Although I come from a family of Radomsker chasidim, I was educated in non-Chasidic schools – I attended Torah Vodaas in New York through high school and then the Telz yeshivah in Cleveland, and I received my rabbinic ordination from Rabbi Moshe Feinstein, the legendary adjudicator of Jewish law in America.
Click here for full-color print version
Still, I gravitated to Chasidic courts, and when trouble hit, this is where I went for help.
On Shabbat, in the winter of 1968, while we were living in Montreal, my wife, Frieda, gave birth to our second child, Yossi. She had gone into labor on Friday morning and we arrived at the hospital early to avoid any unnecessary violations of the holy day. The baby was delivered that night without complications and we were very happy.
I went home to sleep and returned after morning prayers, as the hospital – Jewish General – was within walking distance. But when I arrived, I immediately saw that there were problems. The baby had been placed in an incubator and he was wired up to all kinds of instruments. He seemed to be having trouble breathing, and the doctors and nurses were running back and forth, looking very concerned.
The baby’s condition did not improve during the day, and so our pediatrician informed me that Yossi would have to be transferred to Children’s Hospital that evening, because here they couldn’t figure out what the problem was.
While my wife stayed behind at Jewish General, I followed the ambulance that transferred the baby to the other hospital where he was taken into the emergency room. After a long time passed, when I assume they were checking him over, a doctor came out to speak to me. “Mr. Abramczyk, we have to be realistic,” he said. “This child might not survive the night.” Those were his exact words, and they sent me into shock.
“What should I do?” I asked, trembling.
“Go home,” he replied. “There is nothing you can do here, and we’ll keep in touch by phone. If there’s any change, we’ll let you know.”
So I went home. By that time, it was midnight and I prayed in tears. Then I started thinking whom I could call for help – who among the tzaddikim would be awake at that hour and be able to give my baby a blessing for recovery.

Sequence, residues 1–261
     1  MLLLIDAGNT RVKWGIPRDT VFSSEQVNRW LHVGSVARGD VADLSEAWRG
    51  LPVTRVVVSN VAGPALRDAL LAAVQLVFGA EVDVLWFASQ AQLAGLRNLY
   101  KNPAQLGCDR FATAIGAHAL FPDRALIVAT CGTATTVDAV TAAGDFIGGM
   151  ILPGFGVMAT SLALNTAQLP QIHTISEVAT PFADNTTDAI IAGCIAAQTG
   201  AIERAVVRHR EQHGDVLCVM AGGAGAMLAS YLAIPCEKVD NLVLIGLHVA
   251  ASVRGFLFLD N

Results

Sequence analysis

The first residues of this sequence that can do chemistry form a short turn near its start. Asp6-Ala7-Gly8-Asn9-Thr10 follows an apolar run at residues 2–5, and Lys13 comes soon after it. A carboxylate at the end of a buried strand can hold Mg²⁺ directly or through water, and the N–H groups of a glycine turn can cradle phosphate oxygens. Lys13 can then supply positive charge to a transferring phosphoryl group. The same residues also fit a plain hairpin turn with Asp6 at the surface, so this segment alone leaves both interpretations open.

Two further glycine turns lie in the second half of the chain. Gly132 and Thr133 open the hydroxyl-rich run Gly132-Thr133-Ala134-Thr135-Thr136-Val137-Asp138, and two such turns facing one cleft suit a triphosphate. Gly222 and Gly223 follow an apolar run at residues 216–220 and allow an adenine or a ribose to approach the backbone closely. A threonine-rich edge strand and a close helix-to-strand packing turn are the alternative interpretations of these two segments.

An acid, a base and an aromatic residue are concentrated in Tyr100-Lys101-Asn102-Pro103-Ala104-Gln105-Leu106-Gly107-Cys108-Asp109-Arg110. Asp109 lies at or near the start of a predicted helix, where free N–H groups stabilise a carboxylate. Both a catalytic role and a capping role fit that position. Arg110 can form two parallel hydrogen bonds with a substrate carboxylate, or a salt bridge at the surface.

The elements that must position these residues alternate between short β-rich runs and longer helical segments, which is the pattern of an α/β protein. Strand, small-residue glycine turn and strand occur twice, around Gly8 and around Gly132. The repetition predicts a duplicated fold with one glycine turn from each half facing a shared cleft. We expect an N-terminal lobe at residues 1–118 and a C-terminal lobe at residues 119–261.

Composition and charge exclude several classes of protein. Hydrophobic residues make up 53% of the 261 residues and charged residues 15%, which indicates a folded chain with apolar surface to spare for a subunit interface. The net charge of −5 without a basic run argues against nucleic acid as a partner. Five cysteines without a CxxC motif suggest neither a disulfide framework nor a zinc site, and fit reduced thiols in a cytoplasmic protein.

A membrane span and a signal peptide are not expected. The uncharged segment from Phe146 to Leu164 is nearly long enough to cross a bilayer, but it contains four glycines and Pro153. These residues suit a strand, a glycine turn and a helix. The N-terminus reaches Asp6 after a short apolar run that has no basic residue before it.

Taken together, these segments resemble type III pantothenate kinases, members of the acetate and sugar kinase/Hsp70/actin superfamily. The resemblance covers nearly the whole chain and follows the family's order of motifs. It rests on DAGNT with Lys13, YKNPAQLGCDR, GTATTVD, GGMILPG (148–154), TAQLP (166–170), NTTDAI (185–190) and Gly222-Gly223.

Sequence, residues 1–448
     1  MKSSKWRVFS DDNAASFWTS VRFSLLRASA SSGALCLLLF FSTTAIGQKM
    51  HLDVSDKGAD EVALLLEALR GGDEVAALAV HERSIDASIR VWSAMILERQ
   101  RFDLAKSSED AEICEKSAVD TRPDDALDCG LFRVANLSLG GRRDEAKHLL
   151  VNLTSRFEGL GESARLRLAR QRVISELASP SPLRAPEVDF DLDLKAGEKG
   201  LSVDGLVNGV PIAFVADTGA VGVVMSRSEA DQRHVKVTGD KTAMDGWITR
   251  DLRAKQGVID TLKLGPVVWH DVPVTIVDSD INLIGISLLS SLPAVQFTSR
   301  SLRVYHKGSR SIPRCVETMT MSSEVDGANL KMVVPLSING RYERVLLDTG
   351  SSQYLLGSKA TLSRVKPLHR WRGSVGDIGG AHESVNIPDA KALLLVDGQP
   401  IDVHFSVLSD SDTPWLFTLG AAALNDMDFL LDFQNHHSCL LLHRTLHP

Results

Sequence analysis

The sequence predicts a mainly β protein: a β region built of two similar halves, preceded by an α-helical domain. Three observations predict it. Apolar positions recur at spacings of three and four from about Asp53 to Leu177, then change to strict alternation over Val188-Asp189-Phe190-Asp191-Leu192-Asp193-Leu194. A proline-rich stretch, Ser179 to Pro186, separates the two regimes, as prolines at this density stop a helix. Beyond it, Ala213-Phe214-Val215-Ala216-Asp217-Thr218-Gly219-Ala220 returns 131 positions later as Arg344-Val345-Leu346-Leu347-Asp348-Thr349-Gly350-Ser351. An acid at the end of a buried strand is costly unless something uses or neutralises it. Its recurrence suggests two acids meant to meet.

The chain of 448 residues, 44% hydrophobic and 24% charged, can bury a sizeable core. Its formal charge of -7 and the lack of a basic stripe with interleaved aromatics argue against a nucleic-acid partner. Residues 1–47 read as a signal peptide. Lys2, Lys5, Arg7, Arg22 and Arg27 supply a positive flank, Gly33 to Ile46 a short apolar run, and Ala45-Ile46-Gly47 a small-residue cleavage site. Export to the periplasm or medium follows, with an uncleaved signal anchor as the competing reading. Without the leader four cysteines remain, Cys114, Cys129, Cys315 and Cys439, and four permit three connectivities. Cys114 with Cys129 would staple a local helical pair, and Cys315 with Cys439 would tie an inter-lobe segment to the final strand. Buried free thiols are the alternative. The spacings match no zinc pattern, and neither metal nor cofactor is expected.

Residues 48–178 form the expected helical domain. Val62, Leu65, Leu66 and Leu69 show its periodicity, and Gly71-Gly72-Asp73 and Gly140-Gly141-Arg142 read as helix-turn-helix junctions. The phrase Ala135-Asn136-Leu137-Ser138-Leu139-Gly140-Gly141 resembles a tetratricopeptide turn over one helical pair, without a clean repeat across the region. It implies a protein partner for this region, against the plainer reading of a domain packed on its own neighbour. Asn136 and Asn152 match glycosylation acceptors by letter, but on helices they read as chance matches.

I called Rabbi Moshe Feinstein, of course. And I called every Rebbe I could think of. I called the Bobover Rebbe in Brooklyn. I called the Skverer Rebbe in New Square. I even called the Gerrer Rebbe in Israel. Everybody was very kind. Each Rebbe gave me a blessing that G-d should help my baby. Each Rebbe urged me not to give up and trust in G-d.
And then I called the Lubavitcher Rebbe. I knew that the customary farbrengen commemorating the passing of the Previous Rebbe on Yud Shvat was scheduled for that night, and it was likely in progress. I called anyway, and I heard the phone ringing and ringing and ringing. I was ready to give up, when suddenly the Rebbe’s secretary, Rabbi Leibel Groner, answered.
“You are very lucky,” he told me. “I only heard the phone ringing since the Rebbe sent me away from the farbrengen to get a book for him from the office.” The Rebbe would not usually request books during a farbrengen, but at that very moment he did.
I begged him, “Please don’t hang up … Please go back to the farbrengen and put my request before the Rebbe.”
I stayed on the phone, holding the line, crying and reciting psalms. After about ten minutes, Rabbi Groner came back and told me the Rebbe had given me a blessing: “G-d will help you. Be strong and don’t give up. G-d will most certainly help you.”
But the Rebbe didn’t leave it at that. A few days later he sent me a very warm letter, advising me to check my tefillin and my mezuzahs. Of course, I did that but nothing wrong was found.
Meanwhile, the baby started to improve. Although he had not been expected to survive the Saturday night, he was still alive by Sunday.
On Wednesday, he was doing much better, and my wife and I went together to the Children’s Hospital for a conference with the doctor who was in charge of Yossi’s treatment. In front of him sat a big file, a few inches thick, and he opened it up and starting reading to us. He read one medical report after another, each from a different specialist offering a potential diagnosis. The first report said that it was possible the baby swallowed some of the amniotic fluid during birth, but upon examination, this proved not to be the case. The second report suggested that he might have a hole in one of his lungs, but that too proved not to be the case.
Page by page he went, reading the various theories and possibilities, all of which had been ruled out. And then he closed the file, looked at us and said, “Mr. and Mrs. Abramczyk, do yourself a favor and do this baby a favor. Take him home and forget this ever happened. Your baby is one hundred percent healthy.” Those were his words.
“Doctor,” I said. “I don’t think that you’ll understand this, but we know why this baby is healthy. It’s by the grace of G-d.”
Rabbi Yankel Abramczyk is a diamond dealer who resides in Outremont, Canada. He was interviewed in his home in January of 2011.